As Cathy Young has fairly and, in my mind, sufficiently argued, the recent Trump ban of CRT in federal training programs will, and has, thrown gas on the fire, to the detriment of those of us worried about CRT. In short, though Trump and the OMB may be right, on principle, in going after CRT, they are the wrong messengers. The issue will only become more partisan from here on out, if such a thing can be imagined. (Young’s longform assessment at Arc Digital is worth reading in its entirety.)
In a recent interview with The Atlantic, Ibram Kendi made sure to point out that a Trump loss next month would not signal the end of racist America. Rather, it has the potential to make matters worse because, absent the big, bad, orange man, the liberal post-racism narratives would be revived. If you are familiar with CRT literature then you know that liberal myths and values (e.g. equality, race neutrality, the rule of law, etc.) endemic to the post-racism story. This story is dangerous because it muddies the waters. With a veneer of equality, it covers the true racial inequity inherent in every element of western society.
Kendi, who wants to convince all of us that there is no neutrality in the race discussion— there is no category of “not-racist,” only “racist” or “antiracist,” the latter requiring active dismantling of the white hegemony— and his CRT brethren are probably (in the long run) more leery of a Biden win in November than they are a Trump one. A second term for the incumbent would ensure continued ramping up of racial tensions in America. For CRT activists, like their Marxist predecessors, the internal contradictions of western society can only be brought to the point of fissure by conflict. Incremental change will never do. Chaos and political strife are growing pains.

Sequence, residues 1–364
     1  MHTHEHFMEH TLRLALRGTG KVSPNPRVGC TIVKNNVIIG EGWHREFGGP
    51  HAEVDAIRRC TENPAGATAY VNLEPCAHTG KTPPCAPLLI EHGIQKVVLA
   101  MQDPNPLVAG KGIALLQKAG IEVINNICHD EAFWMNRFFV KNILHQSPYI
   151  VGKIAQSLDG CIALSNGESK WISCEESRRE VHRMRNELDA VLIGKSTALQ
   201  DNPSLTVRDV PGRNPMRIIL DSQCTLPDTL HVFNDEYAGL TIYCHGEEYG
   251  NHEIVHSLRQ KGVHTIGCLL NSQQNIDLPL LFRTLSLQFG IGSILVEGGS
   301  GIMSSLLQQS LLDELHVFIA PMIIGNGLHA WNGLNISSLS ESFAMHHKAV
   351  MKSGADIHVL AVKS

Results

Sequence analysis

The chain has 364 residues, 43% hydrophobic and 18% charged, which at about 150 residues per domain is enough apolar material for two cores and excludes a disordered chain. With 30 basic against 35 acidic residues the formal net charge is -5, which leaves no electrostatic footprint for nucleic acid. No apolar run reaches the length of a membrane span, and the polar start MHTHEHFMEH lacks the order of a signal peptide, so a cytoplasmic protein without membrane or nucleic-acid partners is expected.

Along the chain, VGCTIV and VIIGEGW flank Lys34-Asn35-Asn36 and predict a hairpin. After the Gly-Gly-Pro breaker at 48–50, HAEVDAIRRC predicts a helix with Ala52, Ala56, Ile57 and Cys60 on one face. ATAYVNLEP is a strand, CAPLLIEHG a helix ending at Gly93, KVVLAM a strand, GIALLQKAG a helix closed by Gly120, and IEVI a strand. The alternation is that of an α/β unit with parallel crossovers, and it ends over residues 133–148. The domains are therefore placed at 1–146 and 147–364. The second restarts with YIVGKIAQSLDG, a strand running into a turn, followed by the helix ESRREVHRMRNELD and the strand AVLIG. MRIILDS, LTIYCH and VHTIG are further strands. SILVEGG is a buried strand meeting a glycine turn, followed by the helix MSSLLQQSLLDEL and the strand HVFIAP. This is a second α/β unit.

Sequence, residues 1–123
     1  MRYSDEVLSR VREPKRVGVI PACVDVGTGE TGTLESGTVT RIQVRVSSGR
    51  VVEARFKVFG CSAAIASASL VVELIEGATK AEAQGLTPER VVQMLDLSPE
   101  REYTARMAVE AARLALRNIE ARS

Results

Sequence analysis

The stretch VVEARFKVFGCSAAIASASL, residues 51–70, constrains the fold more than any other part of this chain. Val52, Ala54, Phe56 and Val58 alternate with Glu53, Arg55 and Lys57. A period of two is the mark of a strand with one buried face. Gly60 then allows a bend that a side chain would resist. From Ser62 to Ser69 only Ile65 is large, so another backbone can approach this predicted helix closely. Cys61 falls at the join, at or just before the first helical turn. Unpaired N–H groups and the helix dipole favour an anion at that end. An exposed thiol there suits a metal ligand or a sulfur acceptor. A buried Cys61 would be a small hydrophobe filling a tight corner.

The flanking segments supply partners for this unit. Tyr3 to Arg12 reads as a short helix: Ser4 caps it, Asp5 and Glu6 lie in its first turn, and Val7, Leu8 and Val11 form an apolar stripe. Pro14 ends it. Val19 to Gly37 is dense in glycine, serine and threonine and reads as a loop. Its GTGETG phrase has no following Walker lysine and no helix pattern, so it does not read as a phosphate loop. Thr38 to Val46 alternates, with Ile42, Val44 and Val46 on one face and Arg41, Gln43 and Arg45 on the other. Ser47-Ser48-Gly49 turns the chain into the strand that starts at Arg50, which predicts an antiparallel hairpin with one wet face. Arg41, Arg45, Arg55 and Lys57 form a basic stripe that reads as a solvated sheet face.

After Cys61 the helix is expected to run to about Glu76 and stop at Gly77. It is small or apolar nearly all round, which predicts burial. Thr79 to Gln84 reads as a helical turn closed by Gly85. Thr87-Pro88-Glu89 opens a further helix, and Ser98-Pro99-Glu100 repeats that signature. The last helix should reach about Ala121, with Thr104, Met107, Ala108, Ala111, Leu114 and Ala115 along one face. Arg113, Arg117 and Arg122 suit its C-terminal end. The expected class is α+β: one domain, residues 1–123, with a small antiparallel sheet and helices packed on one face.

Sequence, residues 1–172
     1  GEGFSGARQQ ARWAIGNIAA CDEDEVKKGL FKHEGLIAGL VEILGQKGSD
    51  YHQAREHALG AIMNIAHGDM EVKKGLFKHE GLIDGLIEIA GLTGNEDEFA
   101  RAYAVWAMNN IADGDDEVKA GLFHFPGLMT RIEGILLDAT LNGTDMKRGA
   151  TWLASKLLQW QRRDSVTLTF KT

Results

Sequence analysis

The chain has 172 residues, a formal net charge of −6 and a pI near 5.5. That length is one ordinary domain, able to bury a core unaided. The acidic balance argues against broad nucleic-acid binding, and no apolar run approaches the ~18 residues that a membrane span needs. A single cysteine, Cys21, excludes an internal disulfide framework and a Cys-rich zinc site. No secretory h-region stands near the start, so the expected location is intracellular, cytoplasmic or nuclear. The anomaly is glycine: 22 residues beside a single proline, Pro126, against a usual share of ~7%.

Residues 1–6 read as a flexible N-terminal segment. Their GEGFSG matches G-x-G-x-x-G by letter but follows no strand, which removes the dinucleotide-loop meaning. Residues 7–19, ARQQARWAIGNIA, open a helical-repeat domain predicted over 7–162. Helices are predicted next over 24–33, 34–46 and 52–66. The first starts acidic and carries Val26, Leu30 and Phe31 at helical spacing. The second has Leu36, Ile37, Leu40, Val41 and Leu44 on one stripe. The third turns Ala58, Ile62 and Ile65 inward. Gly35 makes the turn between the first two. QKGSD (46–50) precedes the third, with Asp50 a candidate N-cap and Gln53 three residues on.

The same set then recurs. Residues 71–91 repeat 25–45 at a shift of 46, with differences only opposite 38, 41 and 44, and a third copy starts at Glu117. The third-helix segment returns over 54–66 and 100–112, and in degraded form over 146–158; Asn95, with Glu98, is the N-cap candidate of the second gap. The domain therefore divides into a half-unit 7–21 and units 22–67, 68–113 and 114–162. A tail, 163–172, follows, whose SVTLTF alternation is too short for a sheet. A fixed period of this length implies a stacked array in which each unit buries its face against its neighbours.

Marx argued that any attempts to diminish class conflict was only ever the work of the capitalist class, motivated by “anxiety that the proletariat, under the pressure of its revolutionary position, may go too far.” Therefore,
While the democratic petty bourgeois want to bring the revolution to an end as quickly as possible, achieving at most the aims already mentioned, it is our interest and our task to make the revolution permanent until all the more or less propertied classes have been driven from their ruling positions, until the proletariat has conquered state power and until the association of the proletarians has progressed sufficiently far – not only in one country but in all the leading countries of the world – that competition between the proletarians of these countries ceases and at least the decisive forces of production are concentrated in the hands of the workers. Our concern cannot simply be to modify private property, but to abolish it, not to hush up class antagonisms but to abolish classes, not to improve the existing society but to found a new one.